The New York Times has a look at one of my favorite culinary techniques, confit, in Florence Fabricant's article, By Fat Transformed: The Confit, in All Its Splendor. Chef David Kinch of Manresa in Los Gatos, CA says,
"I once had chicken livers confit in a small bistro in the north of Italy and couldn't forget them," he said. "They were smooth, like ganache, or good foie gras. You can spread them on toast."
To achieve this consistency, his technique is unusual. After carefully trimming the livers, Mr. Kinch lets them soak in milk overnight, a French technique that makes them less bitter. To cook them, he places them in clarified butter in a saucepan, enough to cover the livers completely. A sprig of thyme or a bay leaf can add a subtle dimension.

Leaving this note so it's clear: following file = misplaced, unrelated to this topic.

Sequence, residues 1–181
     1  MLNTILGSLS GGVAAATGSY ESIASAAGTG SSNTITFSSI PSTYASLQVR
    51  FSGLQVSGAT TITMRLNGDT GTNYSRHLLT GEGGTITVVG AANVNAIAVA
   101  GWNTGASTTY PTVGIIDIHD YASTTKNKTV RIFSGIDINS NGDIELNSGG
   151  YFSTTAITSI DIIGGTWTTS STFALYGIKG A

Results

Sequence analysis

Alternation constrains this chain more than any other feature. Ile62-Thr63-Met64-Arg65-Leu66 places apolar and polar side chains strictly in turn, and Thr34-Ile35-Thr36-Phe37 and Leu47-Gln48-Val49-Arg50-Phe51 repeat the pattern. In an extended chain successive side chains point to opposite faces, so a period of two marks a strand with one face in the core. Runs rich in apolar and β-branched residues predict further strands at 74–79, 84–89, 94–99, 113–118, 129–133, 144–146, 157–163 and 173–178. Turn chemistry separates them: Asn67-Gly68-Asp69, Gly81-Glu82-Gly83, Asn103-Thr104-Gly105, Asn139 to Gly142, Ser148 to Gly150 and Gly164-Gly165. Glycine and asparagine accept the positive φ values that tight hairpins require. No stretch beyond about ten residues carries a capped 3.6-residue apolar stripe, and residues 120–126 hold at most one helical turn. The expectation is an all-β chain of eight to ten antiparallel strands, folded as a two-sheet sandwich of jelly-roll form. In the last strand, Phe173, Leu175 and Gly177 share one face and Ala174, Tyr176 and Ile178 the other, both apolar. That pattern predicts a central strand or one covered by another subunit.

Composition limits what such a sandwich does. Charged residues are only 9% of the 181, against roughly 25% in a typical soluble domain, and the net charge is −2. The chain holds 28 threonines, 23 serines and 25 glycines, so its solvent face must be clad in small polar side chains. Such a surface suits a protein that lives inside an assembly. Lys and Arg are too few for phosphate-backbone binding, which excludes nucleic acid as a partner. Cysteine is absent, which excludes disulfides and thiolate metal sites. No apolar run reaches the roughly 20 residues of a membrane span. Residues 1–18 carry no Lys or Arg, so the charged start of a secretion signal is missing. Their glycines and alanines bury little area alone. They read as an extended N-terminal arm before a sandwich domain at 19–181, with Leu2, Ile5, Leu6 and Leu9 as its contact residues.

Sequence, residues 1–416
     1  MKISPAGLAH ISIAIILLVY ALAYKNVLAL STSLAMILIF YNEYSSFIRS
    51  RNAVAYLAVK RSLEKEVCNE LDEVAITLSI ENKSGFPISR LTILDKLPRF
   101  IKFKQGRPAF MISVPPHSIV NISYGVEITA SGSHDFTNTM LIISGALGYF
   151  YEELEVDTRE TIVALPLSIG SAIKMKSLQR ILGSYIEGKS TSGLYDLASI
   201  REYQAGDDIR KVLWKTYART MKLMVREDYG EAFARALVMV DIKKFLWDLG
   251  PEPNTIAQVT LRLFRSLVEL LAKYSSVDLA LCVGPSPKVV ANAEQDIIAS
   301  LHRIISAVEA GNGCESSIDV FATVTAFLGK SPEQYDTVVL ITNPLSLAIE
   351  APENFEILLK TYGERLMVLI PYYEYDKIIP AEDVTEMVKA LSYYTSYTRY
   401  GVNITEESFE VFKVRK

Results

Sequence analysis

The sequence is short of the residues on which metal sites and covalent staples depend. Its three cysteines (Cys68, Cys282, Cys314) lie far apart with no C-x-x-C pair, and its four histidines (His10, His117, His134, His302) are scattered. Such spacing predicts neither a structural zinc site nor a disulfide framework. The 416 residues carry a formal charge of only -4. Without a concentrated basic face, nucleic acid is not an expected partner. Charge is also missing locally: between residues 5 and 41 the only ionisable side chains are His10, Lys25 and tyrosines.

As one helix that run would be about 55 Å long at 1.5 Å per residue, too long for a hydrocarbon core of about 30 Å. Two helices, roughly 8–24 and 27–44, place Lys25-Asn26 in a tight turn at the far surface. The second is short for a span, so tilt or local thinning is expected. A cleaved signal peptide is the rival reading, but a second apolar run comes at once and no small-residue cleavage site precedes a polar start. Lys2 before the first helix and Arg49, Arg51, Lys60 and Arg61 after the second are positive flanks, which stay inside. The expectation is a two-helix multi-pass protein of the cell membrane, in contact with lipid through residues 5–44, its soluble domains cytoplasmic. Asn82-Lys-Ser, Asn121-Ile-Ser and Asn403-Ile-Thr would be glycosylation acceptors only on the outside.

Hmmm…this sounds like something I might have to try here at home. I love confit of anything, but especially of duck. I almost always order it in Paris when I see it on the menu, and am rarely disappointed. I haven't gotten into the confiting of vegetables as much as meat though, and in general it seems the word has been applied quite liberally by American chefs to various preparations. A stricter definition (some might say the only definition) from Larousse Gastronomique:
A piece of pok, goose, duck or turkey cooked in its own fat and stored in a pot, covered in the same fat to preserve it.
Or as a chef I worked with once said, "There's no such thing as onion confit! An onion doesn't have fat, so you can't cook it in its own fat!" Well, right or wrong, when something's cooked long and slow so that it's amazingly tender and rich, whether animal or vegetable, I call that delicious!